The search for a true “positive aging” picture book is much like picking through a lovely box of chocolates—so many appeal at first, but then disappoint upon further “investigation.” But with Grandmama’s Pride, by Becky Birtha, there is no such thing as disappointment. It’s the powerful story of an African-American grandmother who stood her ground, in her own quiet way, against segregation in the 1950’s southern U.S. Along with thousands of others she walked everywhere, refusing to ride buses that required them to sit in the back, setting an example of pride and action for change for her young granddaughter. She is a role model for African Americans and also for younger generations. (Albert Whitman 2005; ages 6-9)
Told by six year old Sarah Marie, it is fiction, but based on real events. Sarah Marie travels with her mother and younger sister from their home in the North to visit Grandmama in the old South weighed down by Jim Crow laws. It tackles a tough subject, but is never heavy handed and most kids should relate to the lighter aspects of visits to grandma’s house.
Sarah Marie learns to read that summer and notices the Whites Only signs on drinking fountains, bathrooms, lunch counters and even the separate waiting area at the bus station—where “Colored people” like her can only stand. Like her grandmother, she shields her little sister from this harsh reality with comments such as, “You don’t want to sit on those public benches. You don’t know who’s been sitting there.”
The water color illustrations by Colin Bootman are realistic and evoke the 1950’s in a soft, but not nostalgic manner. I appreciate the dignity he confers on Sarah Marie’s grandmother—portraying her resolution perfectly.
They walk the ten blocks downtown in the hot sun rather than take the bus. Black riders at that time were required to give up seats in the front of the bus to white riders. “We didn’t know that Grandmama refused to take the downtown bus, where people our color had to ride in the rear,” she says. “We didn’t know that Grandmama’s pride was too tall to fit in the back of a bus.”
Sarah Marie notices much and later, back home, she reads unfamiliar words in the newspapers. “Boycott. Ballot. Civil Rights. Supreme Court Ruling. Laws Overturned.” The author’s note elaborates, sharing Rosa Parks’ arrest in Montgomery, Alabama for refusing to give up her seat to a white rider. It was the Rev. Dr. Martin Luther King, Jr. who galvanized black citizens to boycott the city buses and finally win the right to sit anywhere.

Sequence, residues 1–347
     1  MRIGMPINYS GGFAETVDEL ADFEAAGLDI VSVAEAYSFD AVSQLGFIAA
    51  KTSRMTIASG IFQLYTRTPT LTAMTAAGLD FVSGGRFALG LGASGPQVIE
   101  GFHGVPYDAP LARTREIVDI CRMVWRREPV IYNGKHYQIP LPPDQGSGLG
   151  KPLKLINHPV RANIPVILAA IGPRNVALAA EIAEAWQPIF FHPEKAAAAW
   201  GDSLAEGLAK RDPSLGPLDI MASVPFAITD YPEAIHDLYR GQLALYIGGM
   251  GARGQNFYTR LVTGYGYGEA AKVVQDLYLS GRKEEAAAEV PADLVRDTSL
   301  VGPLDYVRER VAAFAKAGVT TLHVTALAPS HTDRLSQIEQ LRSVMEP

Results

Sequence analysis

The author of this award winning book, Becky Birtha, “…was named after her great grandmother who lived as a slave until the age of 12,” but the book is based on her mother’s mother. True to history, the next summer Sarah Marie finds many changes in her Grandmama’s town including access to the front seats of the bus. “We held our ground and got those laws struck down,” Grandmama says. Such simple words do not begin to show the strength of character such acts required.
Let’s put two and two together—few people think of the ageism experienced by older adults in the same light as other abuses of human rights, yet many experts believe it is the last “ism” that remains to be tackled. “Just as racism and sexism are based on ethnicity and gender, ageism is a form of systematic stereotyping and discrimination against people simply because they are old,” said Robert N. Butler, M.D.
Dr. Butler coined the term ‘ageism’ in 1968 and elaborated in his book The Longevity Revolution, “Ageism takes shape in stereotypes and myths, outright disdain and dislike, sarcasm and scorn, subtle avoidance, and discriminatory practice…”
Becca R. Levy Ph.D. of Yale University has conducted extensive research on just what age stereotypes do to us all—affecting even our physical health. In a journal article she draws a comparison between African Americans and older Americans—quoting from Invisible Man, a novel by Ralph Ellison about his experience as an African American living in 1930’s White society.
“…he describes a process that may occur today for older individuals who must navigate through a youth-oriented society in which negative stereotypes of aging may literally harm the physical and cognitive functioning of older individuals.”
Highlighting positive portrayals of aging is my own weapon of choice against age stereotypes. Kids take in negatives from a very young age and from many sources. Positive aging picture books promote truths about older adults. Please share one soon with an impressionable young mind.
Butler, Robert N. The Longevity Revolution: The Benefits and Challenges of Living a Long Life. New York: Public Affairs Press, 2008.
Levy, Becca R. “Mind Matters: Cognitive and Physical Effects of Aging Self-Stereotypes.” Journal of Gerontology: Psychological Sciences. Volume 58B. No. 4. (2003): pages 203-211.
All photos by Lindsey McDivitt
Thanks so much for joining in this month’s “Human Rights” themed carnival – the book is new to me, as is your blog, so a double delight 🙂
Thanks Zoe! I love the idea of the Human Rights themed carnival of children’s books. If anyone is interested the link is here.
It will open a new page, so you can return easily to my blog page.
Really interesting post. Thanks for sharing these resources.
Thanks very much Alison. I’ve really been enjoying your blog posts also and I ordered one of the books you reviewed.
This sounds like a wonderful book and given today’s political climate, an important book for kids to read. Thanks for sharing it on the Carnival of Children’s Literature so we can all read your interesting review. I am definitely going to look for this book.
You’re right Alex, it’s an excellent book and one that can create great opportunities for discussions with kids.
That was a good find!This would be a great addition to our history shelf. Thanks for a detailed review.
Thank you Reshama. It is an important addition to the bookshelf.